In Christopher, the Supreme Court ruled that the Ninth Circuit had properly refused to give deference to the DOL’s interpretation of the FLSA regulation at issue which the DOL advanced in an amicus brief.  The DOL had first announced that interpretation  in an uninvited amicus brief filed in a Second Circuit case involving the same regulatory issue.   The Supreme Court observed that it would create the potential for “unfair surprise” to parties regulated by the DOL if a court were to defer to the DOL’s interpretation.  According to the Supreme Court,  “it is one thing to expect regulated parties to conform their conduct to an agency’s interpretations once the agency announces them; it is quite another to require regulated parties to divine the agency’s interpretations in advance or else be held liable when the agency announces its interpretations for the first time in an enforcement proceeding and demands deference.”  The Supreme Court also observed that the DOL’s interpretation “lacks the hallmarks of thorough consideration,” noting the DOL’s use of amicus briefs to announce its interpretation precluded an opportunity for public comment. 

We hope the Supreme Court’s decision will deter the CFPB from attempts to use amicus filings as a substitute for notice-and-comment procedures that ensure all views are adequately considered.

Today, the Consumer Financial Protection Bureau launched its Consumer Complaint Database, which allows the public to view consumer complaints filed against credit card issuers. The Bureau also announced that it is submitting a request to the Federal Register seeking comments on extending the database to include other financial products in addition to credit cards – any such comments are due by July 19, 2012. We, along with others in the industry, are disappointed by the Bureau’s decision to publicly release unverified and unrepresentative complaint data, along with the identities of the companies subject to those complaints.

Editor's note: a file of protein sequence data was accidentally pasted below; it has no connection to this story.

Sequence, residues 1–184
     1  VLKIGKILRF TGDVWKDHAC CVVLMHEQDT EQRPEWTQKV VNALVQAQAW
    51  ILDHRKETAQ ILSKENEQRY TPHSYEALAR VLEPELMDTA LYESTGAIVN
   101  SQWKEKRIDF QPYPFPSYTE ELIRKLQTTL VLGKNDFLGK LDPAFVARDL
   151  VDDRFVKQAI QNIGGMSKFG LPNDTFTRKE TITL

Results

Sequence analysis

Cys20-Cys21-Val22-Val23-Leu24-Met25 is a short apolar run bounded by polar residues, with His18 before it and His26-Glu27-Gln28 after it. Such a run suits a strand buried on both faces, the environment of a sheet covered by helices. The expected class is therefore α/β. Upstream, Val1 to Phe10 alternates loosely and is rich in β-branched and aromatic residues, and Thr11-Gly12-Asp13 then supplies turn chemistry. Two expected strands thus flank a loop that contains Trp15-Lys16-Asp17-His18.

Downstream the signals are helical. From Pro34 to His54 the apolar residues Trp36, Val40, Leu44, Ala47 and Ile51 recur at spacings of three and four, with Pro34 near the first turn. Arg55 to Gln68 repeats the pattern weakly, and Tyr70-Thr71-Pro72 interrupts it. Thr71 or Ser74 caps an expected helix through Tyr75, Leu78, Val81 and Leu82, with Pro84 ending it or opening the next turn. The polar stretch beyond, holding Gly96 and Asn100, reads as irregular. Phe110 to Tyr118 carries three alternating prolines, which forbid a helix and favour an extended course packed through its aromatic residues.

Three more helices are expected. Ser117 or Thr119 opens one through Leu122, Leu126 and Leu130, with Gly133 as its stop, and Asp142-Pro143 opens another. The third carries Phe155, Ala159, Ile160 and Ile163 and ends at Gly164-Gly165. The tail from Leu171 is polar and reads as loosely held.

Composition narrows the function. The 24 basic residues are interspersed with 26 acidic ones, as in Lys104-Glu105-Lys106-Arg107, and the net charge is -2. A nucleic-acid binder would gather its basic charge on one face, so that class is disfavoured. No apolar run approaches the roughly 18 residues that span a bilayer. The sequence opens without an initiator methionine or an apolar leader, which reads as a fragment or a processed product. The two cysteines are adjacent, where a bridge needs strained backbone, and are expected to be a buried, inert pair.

Currently, the database houses the complaints filed since June 1, 2012 but the Bureau plans to add the complaints filed before June 1 later this year – to date, the Bureau has received over 17,000 credit card complaints. The publicly-available information in the database includes the type of complaint made by the consumer, the date of the submission, the consumer’s zip code, and the company the complaint concerns. It also shows any actions taken by the company on a complaint, including whether the company’s response was timely, how the company responded, and whether the consumer disputed the company’s response.

Responding to comments from both consumer and industry representatives, the CFPB broadened the response categories of “closed with relief” and “closed without relief” to the following four categories: “closed with monetary relief,” “closed with non-monetary relief,” “closed with an explanation” and simply “closed.”  Previously, the “closed with relief” category could be used only if the company provided objective and verifiable monetary relief to the consumer that is measurable in dollars.   The narrow scope of such category lead to criticism that the “closed without relief” category did not appropriately reflect when other forms of relief were provided, or when no relief was appropriate.  The “closed with non-monetary relief” category may be used when objective and verifiable relief is provided that does not meet the standard for “closed with monetary relief.”